Zutphen – The Counts of Zutphen
M80
Zutphen
882

Zutphen – The Counts of Zutphen

Zutphen – The Counts of Zutphen
Zutphen – The Counts of Zutphen
Zutphen – The Counts of Zutphen
Zutphen – The Counts of Zutphen
Zutphen – The Counts of Zutphen
Zutphen – The Counts of Zutphen
Zutphen – The Counts of Zutphen
Zutphen – The Counts of Zutphen

The earliest origins of the province of Gelderland stretch back to the court of the counts of Hamaland, Zutphen and Guelders, located on ‘s-Gravenhof Square in the town of Zutphen. The court was once a palace built of tuff, a type of rock consisting of consolidated volcanic ash. It was probably a royal palace and therefore one of the most significant buildings in the Netherlands at that time.

Ringwork
The town of Zutphen lies on top of a Frankish settlement that was built on the confluence of the Berkel and IJssel rivers in the year 300. In 882, the settlement was plundered by Vikings, which led to the construction of circular fortifications, also known as a ringwork, with earthen ramparts and a deep moat for protection against future attacks. At its centre, there was a courtyard with a great hall, which later became the court of the counts of Hamaland, Zutphen and Guelders: ‘s-Gravenhof Square. From this location, the counts of Hamaland ruled over the territories along both sides of the river IJssel.

Royal palace
In the 11th-century, the wooden hall was replaced by a structure built of tuff. At 53 metres in length, it was a regal building. As such, it replaced the royal court at Deventer and the palace in Nijmegen which had both been destroyed. Yet its role as royal residence was short-lived. Around 1100 AD, Bishop Burchard commissioned the building of St. Walburga’s Church next to the palace. The bishops turned the administration of the settlement and the palace over to the counts of Zutphen.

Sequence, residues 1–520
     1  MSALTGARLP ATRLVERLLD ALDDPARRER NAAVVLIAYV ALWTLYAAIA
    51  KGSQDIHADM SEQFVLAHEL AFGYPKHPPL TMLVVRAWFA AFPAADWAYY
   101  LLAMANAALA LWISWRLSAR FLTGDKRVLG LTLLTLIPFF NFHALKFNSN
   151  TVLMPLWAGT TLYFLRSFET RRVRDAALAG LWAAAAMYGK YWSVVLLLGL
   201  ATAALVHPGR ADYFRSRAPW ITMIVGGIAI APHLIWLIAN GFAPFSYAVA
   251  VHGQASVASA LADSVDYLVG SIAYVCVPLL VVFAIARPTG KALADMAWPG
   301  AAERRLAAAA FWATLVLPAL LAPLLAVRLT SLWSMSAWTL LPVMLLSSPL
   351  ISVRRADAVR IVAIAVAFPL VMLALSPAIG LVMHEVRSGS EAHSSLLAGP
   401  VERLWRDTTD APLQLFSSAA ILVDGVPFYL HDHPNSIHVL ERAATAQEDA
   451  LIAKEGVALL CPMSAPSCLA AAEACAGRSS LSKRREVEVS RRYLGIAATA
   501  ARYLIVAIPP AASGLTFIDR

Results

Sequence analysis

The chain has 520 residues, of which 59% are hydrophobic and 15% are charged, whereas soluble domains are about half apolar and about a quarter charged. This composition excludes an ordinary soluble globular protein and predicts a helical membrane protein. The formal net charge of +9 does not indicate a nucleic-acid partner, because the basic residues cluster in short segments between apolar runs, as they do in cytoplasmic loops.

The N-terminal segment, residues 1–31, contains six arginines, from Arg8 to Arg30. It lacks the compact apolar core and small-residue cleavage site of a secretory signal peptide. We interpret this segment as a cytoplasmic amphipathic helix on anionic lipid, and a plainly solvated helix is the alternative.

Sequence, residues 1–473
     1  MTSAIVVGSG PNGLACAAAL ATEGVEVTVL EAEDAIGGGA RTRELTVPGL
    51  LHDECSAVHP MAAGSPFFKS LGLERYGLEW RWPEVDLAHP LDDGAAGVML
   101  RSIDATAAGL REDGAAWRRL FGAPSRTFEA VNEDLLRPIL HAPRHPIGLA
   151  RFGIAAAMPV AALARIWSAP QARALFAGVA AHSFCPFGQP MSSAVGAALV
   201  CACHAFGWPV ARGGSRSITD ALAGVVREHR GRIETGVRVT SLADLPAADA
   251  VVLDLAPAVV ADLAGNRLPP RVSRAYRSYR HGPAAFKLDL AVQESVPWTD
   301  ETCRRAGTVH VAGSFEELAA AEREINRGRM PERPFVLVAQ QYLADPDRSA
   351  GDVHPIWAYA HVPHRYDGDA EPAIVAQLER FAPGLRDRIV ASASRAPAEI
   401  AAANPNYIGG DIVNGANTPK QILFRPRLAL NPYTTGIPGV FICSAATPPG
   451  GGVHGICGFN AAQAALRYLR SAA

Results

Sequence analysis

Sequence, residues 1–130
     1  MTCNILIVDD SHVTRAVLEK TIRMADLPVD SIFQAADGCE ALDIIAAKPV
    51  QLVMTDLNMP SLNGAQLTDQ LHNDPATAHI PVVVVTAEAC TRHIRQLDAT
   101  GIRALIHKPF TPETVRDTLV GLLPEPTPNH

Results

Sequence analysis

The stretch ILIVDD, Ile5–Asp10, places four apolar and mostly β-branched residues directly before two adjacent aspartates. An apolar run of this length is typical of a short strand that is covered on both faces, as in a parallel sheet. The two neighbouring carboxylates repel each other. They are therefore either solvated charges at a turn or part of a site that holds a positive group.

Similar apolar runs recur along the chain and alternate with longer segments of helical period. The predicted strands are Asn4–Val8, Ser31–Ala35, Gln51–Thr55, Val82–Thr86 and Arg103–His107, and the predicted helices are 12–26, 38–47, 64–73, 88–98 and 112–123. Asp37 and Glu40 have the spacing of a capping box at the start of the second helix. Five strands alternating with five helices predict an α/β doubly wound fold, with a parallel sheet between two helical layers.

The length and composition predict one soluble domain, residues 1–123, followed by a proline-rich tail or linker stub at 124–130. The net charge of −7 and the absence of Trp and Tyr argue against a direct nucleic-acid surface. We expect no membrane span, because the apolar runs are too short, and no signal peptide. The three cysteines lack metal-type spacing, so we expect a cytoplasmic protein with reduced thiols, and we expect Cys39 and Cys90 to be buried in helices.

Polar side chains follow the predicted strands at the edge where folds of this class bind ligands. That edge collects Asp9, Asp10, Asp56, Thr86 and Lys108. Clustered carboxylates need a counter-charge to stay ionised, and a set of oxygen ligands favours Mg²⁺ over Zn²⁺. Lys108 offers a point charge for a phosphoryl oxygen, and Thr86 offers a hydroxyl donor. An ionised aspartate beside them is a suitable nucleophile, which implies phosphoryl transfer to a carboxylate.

‘s-Gravenhof Square
The counts of Zutphen soon established their own agenda. The County of Zutphen became permanently aligned with the County of Guelders in the 12th century when Countess Ermgard of Zutphen married Gerard III of Guelders. The town was granted its city rights by Count Otto I around 1195 and the town subsequently joined the Hanseatic League. This led Zutphen into a period of economic growth.

Around the turn of the 13th century, the palace still served as a regular residence for the counts of Guelders until they moved their court to the north of Zutphen. The palace gradually fell into disrepair until it was finally demolished in 1634. Today, the square still bears the name ‘s-Gravenhof and the contours of the royal palace can be seen in the patterns on the pavement. 

Zutphen – The Counts of Zutphen
Zutphen – The Counts of Zutphen
Zutphen – The Counts of Zutphen
Zutphen – The Counts of Zutphen
Zutphen – The Counts of Zutphen
Zutphen – The Counts of Zutphen
Zutphen – The Counts of Zutphen
Zutphen – The Counts of Zutphen
M 80 Zutphen 09112013
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